(ii) The Mombasa Capital Offences Pilot Project;

This Pilot project focused on the provision of legal aid services to capital offenders in Mombasa, especially those charged with Robbery with Violence. The Pilot Project provided legal education to capital remandees in prisons in Coast region. The pilot project offered the following services; Counseling, Advice and Assistance and representation with respect to capital cases.

(iii) The Kisumu-Paralegal Services and Support Pilot Project;

The objective of the project was to build the capacity of paralegals and support their work by coordinating appropriate referrals to pro bono lawyers and institutions in the justice sector, governmental and non- governmental, as well as creating legal awareness to the general public. Its main objective was to test the efficacy of paralegal contribution to access to justice with a view to informing a legal framework for paralegal work in Kenya.

(iv)The Nakuru Children Justice Pilot Project;

This pilot project focused on children in contact and in conflict with the law. It offered legal advice, assistance, representation and mediation; counseling, family finding; referrals to children home; diversion and public awareness on the rights and care of children.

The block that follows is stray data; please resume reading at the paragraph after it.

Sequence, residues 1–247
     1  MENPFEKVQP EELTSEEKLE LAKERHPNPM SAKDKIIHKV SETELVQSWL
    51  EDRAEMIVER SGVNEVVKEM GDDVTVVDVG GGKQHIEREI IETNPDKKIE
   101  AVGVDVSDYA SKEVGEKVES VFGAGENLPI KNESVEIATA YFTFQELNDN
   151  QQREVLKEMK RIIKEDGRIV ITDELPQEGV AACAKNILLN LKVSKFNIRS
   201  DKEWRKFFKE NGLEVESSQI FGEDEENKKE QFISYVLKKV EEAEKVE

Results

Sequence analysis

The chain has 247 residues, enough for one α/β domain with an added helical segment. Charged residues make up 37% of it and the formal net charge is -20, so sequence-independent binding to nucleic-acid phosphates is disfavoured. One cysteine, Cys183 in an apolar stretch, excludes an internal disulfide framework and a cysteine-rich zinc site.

(v) The Moi University Law Clinic (Eldoret) Pilot Project;

This project provided legal education and aid including litigation and mediation. Its purpose was to provide lessons on how students can contribute to access to justice in Kenya. (vi)The Nairobi High Court Family Division Pilot Project;

The project mainly provided legal services in cases relating to; Matrimonial disputes, succession and domestic violence.

The Government successfully piloted the said projects between the years 2009- 2013, during which period over 25,000 Kenyans were granted legal aid. A summative evaluation of the programme was done in 2013 covering the piloting phase and the lessons drawn therefore informed the development of a draft Legal Aid Bill and a draft National Legal Aid and Awareness Policy. The Evaluation report recommended the scaling up of the National Legal Aid and Awareness Programme into a National Legal Aid Scheme.

The promulgation of the Constitution of Kenya in 2010, particularly articles 48, 50 and the Fifth Schedule which obligates the state to ensure access to justice for all, further gave the necessary impetus for the establishment of a legal and institutional framework for legal aid in Kenya.

The need to coordinate the legal aid services which was majorly offered by civil society organizations to ensure a coordinated and collaborative approach to legal aid and for purposes of standardization and quality assurance also informed the development of the legal and institutional framework.

The process of developing the Legal Aid Act and the National Legal Aid and Awareness Policy was through a wide stakeholder consultation. The Legal Aid Act, 2016 was enacted on the 26th of April 2016 and came into force on the 10th May 2016.